Leave the U of S Law Library Alone

The University of Saskatchewan College of Law’s library, we have recently learned, is to be “reconfigured”. We have no idea, at the moment, what this re-configuration will entail. We can be reasonably confident that no one intends to burn down the library. But it seems over-optimistic to call it “safe” either.

Here is what we (sort of) know. There is talk of moving some (many? most?) of the books either to the Murray Library or to off-campus storage facilities. Materials moved to those facilities would be available within 48 hours. Much of the space in the library would be turned into classrooms or study facilities. We have been told that faculty and students will continue to have “access to core legal resources of high demand material on site”. Otherwise, we will be left with electronic resources.

This is not an acceptable situation.

Legal academics, research assistants, and students frequently need legal materials outside of regular working hours. Universities, the media, and the public at large want legal academics to weigh in on matters of public concern – to be “engaged scholars”. That means expressing opinions on legal issues that unexpectedly arise and that require an urgent response.

Obviously, we don’t know what materials we will urgently need until we need them. Those materials are often not what could be described as “high demand”. They may pertain to issues – like, say, the history of the Supreme Court of Canada, the Nordic model of regulating sexual services, or academic freedom – that are important but only periodically used by researchers. (Fire extinguishers aren’t high demand either. But we need them.)

To say that I need to wait 48 hours to access materials is, practically speaking, to preclude public engagement on many issues. If anything, we should have more materials in the law library – not fewer.

Pedagogically, we want law students to learn how to work with legal materials – to note up statutes and cases, and engage with secondary literature. Anything that makes it less convenient for students to do that – even if just a short trip to the Murray Library – is troubling. But a 48-hour delay?

Electronic resources are valuable, but limited in their usefulness. Many monographs are simply not available as e-books. Subscriptions to electronic databases are quite expensive, and their coverage depends on the whims and proclivities of publishers.

There are other problems with relying upon electronic resources – some of them symbolic. Physical libraries confront students with the enormous scale of learning and knowledge, and in that way ward off the thought that one has done “enough” reading, or “enough” searching for the regulation, statute, case, journal article, or book that could make all the difference.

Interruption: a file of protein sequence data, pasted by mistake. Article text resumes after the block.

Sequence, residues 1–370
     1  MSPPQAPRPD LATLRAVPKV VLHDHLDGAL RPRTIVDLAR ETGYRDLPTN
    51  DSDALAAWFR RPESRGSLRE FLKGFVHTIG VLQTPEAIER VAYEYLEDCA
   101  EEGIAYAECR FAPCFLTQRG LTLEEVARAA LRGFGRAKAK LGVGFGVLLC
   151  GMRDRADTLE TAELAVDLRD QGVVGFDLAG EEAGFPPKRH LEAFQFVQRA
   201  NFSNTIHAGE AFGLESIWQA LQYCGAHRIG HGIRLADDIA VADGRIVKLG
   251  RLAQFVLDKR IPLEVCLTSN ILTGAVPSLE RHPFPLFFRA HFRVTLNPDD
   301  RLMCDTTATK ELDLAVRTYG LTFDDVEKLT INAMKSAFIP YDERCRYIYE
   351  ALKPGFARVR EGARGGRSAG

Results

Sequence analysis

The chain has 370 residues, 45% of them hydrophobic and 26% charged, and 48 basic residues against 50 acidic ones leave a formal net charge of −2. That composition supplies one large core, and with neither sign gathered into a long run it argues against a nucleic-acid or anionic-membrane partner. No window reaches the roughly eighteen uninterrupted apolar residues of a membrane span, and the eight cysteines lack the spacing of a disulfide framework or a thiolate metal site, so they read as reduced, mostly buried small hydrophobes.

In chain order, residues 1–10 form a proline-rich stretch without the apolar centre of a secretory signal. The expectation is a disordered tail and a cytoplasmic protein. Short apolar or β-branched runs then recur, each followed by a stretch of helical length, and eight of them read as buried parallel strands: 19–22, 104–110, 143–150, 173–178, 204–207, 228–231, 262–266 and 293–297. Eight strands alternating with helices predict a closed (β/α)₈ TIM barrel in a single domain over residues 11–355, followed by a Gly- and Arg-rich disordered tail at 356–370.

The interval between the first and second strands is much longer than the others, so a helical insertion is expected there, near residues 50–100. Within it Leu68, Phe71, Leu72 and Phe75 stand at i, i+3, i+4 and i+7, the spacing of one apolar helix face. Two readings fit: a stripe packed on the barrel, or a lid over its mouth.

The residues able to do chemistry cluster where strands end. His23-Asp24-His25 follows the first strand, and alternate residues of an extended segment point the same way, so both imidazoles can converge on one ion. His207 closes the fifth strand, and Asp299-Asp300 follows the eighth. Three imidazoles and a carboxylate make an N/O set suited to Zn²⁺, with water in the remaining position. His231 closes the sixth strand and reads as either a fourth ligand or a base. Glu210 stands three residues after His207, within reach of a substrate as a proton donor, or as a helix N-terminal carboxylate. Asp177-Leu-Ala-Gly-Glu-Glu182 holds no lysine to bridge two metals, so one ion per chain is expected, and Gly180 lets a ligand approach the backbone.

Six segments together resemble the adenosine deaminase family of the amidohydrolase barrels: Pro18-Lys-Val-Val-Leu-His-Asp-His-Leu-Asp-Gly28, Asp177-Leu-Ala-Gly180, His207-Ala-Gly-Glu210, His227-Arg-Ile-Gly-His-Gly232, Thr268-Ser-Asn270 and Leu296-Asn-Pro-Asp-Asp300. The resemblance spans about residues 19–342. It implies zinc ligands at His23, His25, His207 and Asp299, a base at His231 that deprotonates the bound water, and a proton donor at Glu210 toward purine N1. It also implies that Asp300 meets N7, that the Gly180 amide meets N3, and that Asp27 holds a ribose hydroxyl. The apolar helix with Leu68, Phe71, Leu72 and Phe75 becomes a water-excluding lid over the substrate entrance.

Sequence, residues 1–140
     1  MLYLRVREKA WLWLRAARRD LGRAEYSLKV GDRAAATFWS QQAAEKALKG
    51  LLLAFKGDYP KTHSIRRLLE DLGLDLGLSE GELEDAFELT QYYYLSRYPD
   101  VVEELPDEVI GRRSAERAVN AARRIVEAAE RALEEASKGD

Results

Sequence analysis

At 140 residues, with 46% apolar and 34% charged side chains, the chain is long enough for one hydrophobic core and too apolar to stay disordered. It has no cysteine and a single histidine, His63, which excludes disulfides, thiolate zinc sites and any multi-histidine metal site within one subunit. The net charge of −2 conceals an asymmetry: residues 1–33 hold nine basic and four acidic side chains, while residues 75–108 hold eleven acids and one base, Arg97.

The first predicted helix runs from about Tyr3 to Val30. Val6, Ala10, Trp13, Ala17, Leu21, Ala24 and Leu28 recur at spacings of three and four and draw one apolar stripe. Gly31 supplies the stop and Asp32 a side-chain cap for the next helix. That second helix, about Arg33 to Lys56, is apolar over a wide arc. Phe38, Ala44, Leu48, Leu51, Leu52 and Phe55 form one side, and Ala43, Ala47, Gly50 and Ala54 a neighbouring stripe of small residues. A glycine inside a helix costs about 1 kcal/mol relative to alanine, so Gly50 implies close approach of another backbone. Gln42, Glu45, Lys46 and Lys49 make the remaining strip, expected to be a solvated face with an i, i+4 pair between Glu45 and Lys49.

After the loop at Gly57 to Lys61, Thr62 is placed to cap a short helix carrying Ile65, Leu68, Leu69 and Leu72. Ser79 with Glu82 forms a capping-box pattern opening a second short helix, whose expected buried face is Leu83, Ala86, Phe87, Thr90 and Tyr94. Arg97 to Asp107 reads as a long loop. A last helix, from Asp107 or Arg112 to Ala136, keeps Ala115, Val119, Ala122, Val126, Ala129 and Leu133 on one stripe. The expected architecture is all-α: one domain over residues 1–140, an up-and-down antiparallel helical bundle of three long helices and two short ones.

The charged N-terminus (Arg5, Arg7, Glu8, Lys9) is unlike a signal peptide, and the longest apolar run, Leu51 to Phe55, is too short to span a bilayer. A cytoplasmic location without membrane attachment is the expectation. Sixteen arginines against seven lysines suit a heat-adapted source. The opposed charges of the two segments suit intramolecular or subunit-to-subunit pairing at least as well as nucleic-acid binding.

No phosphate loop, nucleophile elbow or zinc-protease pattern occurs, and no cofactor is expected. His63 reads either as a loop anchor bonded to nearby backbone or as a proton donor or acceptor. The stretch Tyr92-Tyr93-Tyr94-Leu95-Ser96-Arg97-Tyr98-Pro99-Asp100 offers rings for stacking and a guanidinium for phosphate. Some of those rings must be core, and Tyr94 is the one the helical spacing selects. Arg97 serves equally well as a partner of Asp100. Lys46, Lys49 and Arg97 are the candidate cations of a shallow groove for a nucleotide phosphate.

Electronic databases obscure this. They are best for targeted searches, not for serendipitous discoveries. For that very reason, they encourage the belief that there cannot, really, be “that” much out there on a given subject. They also suffer from the grave disadvantage that one must be on the internet to use them; that one must be in a virtual space rife with competing claims on one’s attention.

Small wonder that many of us think that students learn less and work less efficiently when they are trained to work with electronic materials rather than hard-bound materials. Reasonable people can disagree about that, but why force the decision upon us?

Physical libraries also send a message about who we are. Look at your own bookshelf, and you do not see a random collection of books, but an (albeit fuzzy, incompletely worked-out) story of who you are.

Institutions have the same relationship with their bookshelves: they send a message about the norms and values that inform their day-to-day life. Legal education is inter-disciplinary, but it is also professional in orientation. To collapse the law library into the central stacks is to obscure the special connection that the law school ostensibly has to the legal profession. Indeed, law libraries and librarians do not serve only legal academics and students, but the bar. This, in turn, makes them sites where students interact with legal professionals. This again conveys the message (for better or for worse) that law students are proto-members of the larger legal community.